Google Now makes debut on iOS
On Monday, Google Search was made available to iPad and iPhone users through the Apple App Store.
Google Search is voice enabled and comes with Google Now, a technology that will learn your search habits, track your appointments on your Google Calendar and flash information at you that is relevant. The cards are supposed to appear when they are relevant to you and the feature has proven pretty accurate so far — it’s been on my iPhone 4S for less than a day and has already reminded me of an appointment and has showed me some Major League Baseball Scores.
What’s been grabbing headlines all over the Internet today, however, is the voice enabled feature of the Google Search app. Is it a good alternative to Apple’s Siri app that first appeared on the iPhone 4S and has been misunderstanding users since? Not really, but that has more to do with the fact this is playing nice with iOS rather than being an integral part of the operating system like it is on Android.
While the voice feature is very accurate when it comes to searching the Internet for various things, it can’t do the stuff Siri is designed to do. You can’t set reminders with it, set appointments, voice text, ask it to directions to locations, voice dial people on your contact list and etc. The difference between the app and Siri is quite simple –Siri is “hardwired” into iOS and has access to contact information, your Apple calendar, Apple Maps and other things from which it draws information. Google Search does not have that access and, as such, is pretty much limited to searching for things.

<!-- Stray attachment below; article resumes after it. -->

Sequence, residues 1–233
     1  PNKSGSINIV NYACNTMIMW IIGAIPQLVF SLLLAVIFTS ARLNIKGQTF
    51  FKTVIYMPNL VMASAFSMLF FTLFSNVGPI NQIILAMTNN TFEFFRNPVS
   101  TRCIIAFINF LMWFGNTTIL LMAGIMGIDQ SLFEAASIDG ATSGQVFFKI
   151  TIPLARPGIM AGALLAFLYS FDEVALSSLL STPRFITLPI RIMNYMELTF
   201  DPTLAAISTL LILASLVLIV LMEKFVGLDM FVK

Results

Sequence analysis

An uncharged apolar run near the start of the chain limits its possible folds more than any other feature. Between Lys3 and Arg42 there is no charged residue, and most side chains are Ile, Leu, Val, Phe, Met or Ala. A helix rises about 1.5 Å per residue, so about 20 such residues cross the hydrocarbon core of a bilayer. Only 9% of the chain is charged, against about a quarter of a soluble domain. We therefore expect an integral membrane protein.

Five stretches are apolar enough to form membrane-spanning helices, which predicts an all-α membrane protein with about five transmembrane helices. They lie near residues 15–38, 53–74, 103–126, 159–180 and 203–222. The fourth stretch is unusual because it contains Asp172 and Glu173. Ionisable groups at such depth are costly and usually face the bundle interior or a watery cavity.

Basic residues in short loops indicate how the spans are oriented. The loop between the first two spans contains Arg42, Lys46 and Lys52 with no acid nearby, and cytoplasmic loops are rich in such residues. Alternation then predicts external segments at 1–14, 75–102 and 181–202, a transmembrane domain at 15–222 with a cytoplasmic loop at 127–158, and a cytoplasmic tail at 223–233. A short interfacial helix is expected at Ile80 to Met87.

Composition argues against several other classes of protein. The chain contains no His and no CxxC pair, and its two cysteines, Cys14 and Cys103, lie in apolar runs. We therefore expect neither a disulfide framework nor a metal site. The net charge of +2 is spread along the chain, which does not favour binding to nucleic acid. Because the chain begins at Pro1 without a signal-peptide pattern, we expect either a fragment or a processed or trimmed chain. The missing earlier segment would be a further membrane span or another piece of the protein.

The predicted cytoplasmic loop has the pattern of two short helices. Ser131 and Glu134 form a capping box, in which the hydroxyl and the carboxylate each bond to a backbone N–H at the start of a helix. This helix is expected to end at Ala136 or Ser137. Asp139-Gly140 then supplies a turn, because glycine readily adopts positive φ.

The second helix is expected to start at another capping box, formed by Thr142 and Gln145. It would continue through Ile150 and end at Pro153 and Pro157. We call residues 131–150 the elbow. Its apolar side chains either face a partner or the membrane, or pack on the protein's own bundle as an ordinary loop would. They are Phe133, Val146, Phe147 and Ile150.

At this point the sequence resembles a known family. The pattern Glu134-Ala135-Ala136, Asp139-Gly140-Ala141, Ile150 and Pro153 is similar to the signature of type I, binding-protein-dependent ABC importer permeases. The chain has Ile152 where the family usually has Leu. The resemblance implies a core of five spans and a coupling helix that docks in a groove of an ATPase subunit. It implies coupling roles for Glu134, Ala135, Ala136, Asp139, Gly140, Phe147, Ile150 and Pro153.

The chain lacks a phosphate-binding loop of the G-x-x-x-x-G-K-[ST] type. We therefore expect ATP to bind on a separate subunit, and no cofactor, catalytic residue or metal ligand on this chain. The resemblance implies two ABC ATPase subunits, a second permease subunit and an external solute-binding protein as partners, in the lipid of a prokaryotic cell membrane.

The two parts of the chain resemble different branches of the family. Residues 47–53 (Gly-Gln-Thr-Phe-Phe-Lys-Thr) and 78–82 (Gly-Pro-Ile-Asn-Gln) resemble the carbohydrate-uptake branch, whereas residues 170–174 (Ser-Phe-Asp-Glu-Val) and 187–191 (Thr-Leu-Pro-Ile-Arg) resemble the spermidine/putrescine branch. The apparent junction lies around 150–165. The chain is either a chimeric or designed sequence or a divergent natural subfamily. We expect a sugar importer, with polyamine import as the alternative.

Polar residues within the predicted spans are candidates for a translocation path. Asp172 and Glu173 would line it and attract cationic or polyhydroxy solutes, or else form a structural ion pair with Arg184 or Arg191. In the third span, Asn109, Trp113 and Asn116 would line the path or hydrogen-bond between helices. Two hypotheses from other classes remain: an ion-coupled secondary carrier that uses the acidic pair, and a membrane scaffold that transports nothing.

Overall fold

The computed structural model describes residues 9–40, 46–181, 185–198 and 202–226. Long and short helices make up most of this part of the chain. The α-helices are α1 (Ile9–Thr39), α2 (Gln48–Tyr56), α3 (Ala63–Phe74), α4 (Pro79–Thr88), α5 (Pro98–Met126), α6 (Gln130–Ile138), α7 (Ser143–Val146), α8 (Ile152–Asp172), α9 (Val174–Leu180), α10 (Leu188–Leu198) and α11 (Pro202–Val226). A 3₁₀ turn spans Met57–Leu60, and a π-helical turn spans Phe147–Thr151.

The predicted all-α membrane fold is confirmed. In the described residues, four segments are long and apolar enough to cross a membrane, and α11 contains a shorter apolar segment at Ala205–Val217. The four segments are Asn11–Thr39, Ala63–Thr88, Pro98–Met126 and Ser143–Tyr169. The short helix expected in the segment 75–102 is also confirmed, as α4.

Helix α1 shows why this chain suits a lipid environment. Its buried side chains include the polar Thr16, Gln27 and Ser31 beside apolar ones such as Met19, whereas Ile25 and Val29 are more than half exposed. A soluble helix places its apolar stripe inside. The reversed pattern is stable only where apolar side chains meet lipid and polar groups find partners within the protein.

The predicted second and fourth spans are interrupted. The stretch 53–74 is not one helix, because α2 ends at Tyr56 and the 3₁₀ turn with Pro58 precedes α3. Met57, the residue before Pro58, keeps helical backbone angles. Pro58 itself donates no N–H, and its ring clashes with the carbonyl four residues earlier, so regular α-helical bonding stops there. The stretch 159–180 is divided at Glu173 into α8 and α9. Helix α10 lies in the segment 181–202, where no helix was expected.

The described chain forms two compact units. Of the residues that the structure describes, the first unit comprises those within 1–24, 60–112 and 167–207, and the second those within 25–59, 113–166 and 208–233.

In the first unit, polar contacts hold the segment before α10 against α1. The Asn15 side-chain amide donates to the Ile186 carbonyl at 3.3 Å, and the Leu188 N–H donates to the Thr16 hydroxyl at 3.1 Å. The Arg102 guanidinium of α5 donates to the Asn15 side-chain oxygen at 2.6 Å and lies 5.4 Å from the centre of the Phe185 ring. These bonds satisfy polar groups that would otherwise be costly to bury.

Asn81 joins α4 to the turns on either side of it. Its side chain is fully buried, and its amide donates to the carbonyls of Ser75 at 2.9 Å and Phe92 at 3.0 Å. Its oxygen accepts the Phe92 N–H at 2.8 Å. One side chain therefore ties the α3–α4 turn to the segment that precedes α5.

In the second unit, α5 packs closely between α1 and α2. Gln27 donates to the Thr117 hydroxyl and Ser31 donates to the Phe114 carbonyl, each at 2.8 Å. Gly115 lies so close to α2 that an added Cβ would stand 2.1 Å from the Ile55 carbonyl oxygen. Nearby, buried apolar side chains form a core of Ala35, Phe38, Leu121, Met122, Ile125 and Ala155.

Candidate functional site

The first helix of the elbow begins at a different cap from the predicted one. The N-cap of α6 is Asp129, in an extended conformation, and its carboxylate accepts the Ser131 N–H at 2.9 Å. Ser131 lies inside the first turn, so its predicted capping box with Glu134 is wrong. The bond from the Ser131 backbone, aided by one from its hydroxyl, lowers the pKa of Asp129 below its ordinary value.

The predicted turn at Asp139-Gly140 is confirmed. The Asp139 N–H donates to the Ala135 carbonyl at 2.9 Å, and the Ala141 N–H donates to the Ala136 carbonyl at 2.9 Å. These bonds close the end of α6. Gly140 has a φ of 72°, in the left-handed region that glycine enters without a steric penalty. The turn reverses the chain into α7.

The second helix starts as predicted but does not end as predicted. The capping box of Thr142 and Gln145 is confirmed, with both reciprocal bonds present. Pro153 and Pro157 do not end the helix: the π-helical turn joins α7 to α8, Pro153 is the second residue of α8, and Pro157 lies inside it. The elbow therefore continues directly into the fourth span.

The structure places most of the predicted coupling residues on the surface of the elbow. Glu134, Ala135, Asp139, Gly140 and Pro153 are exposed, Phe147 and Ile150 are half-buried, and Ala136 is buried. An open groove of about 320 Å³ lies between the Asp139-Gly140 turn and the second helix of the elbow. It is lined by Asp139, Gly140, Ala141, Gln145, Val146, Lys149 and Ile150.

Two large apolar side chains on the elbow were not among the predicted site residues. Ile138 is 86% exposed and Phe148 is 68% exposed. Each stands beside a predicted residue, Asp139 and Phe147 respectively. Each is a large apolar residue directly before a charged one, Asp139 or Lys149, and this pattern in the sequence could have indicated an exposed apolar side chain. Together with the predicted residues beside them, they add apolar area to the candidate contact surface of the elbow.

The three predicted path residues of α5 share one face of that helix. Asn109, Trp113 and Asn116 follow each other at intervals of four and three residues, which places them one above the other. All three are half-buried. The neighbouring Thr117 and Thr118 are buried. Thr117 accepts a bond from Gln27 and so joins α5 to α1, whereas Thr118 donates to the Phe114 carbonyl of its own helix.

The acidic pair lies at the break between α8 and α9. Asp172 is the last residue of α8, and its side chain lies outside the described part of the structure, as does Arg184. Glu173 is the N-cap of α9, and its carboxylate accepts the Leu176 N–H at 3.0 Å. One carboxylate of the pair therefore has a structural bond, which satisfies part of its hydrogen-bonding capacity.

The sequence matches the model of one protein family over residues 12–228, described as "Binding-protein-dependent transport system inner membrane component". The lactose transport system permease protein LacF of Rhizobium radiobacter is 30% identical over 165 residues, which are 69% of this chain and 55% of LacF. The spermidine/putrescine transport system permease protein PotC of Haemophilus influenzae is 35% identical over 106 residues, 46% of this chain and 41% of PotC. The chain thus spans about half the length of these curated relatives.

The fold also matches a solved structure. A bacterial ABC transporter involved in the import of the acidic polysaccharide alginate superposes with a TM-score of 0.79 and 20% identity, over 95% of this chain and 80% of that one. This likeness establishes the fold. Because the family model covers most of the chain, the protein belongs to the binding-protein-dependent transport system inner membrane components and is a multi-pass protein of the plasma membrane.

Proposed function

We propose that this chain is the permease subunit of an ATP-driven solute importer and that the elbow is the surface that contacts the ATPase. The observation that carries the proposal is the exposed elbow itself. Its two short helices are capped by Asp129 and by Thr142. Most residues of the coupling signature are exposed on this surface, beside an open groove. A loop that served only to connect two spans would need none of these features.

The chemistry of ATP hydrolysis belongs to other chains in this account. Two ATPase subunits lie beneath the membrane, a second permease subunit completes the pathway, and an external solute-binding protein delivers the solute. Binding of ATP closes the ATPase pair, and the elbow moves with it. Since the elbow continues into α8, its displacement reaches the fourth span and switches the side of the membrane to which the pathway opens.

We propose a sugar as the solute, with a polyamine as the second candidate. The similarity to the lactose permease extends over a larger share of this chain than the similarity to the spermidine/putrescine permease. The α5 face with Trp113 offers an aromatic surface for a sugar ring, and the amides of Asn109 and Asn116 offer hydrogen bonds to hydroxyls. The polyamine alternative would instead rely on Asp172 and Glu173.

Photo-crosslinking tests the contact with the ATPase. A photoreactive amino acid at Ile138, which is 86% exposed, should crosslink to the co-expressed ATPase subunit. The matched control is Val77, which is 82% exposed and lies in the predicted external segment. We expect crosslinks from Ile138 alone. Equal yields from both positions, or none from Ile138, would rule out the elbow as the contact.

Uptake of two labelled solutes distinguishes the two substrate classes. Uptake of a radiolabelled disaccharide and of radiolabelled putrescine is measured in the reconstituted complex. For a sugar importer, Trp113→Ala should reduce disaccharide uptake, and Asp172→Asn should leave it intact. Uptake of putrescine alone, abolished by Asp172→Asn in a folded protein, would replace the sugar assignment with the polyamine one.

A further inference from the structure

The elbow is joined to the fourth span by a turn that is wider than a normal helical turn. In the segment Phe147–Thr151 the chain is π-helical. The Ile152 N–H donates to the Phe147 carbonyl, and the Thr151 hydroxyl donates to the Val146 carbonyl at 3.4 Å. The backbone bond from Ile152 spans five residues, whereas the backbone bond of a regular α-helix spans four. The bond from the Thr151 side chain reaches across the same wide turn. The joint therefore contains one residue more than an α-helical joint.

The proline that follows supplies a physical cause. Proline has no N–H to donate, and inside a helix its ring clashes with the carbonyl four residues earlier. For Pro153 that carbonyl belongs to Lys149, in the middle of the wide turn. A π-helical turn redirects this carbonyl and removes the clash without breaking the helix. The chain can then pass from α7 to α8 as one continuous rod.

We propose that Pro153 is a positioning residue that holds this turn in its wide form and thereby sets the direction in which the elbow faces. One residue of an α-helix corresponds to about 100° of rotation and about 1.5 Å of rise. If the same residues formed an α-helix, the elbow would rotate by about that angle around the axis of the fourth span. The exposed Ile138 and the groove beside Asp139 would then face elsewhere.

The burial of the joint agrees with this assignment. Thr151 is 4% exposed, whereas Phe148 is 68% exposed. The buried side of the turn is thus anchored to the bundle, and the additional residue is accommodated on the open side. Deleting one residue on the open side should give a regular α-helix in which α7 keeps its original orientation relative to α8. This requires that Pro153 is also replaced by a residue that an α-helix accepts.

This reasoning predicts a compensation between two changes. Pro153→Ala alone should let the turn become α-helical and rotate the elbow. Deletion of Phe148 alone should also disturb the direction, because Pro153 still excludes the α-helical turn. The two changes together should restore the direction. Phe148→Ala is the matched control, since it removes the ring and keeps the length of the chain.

That does not mean the Google Search app is pointless. To the contrary, it whips the tar out of Siri when it comes to searching — Google is set up to search immediately, whereas the user asks Siri a question and has to affirmatively ask the app to search the Internet when Siri doesn’t know the answer. Also, I’ve found myself having to repeat myself less when it comes to Google Search — the speech recognition is simply better that what Apple’s come up with so far.
The real value to Google Search, at this point, has to do with its bundling of Google Apps in one, convenient place. If you prefer Google’s Calendar to the stock one on the Apple, the app makes it a snap to access it and will show you cards when appointments draw near. Similarly, Gmail, Google News and Google Maps are all housed in the application. If you haven’t dropped Apple’s Maps yet, now’s as good a time as any to substitute the Google product and find out for yourself if the accuracy is better. Of course, you get turn-by-turn navigation through Google’s Maps application and that all works pretty well.
Again, the access to Google’s apps will only be appreciated if you prefer them to Apple’s equivalents. While I prefer Google’s Maps, use Gmail and like the Calendar better, some people might not. For those who prefer the stock Apple stuff, the availability of Google Apps won’t mean quite as much.
One major drawback to Google Search is that the app doesn’t have access to the iOS notifications system. While Siri has the access to remind you of events, the Now component of Google Search can’t do that — sure, it’ll let you know the score of the Pittsburgh Pirates game and let you know of the latest news on subjects you like, but you’ve got to open the app for those notifications.
All in all, Google Search is quite useful. The Now component is eerily accurate in finding information that is useful and presenting it to you when you have the app open and it only gets better the more you use it. However, it is at a disadvantage because it’s not part of iOS like Siri is. Giving this app direct access to the notifications system would make it tremendous, but will that ever happen? Google Now is simply awesome on an Android platform, but it’s merely very good on iOS. Head on over to the Apple App Store to download Google Search for free and test it out for yourself.
Benton resident. Rogue journalist. Recovering attorney. Email = Ethan@FirstArkansasNews.net.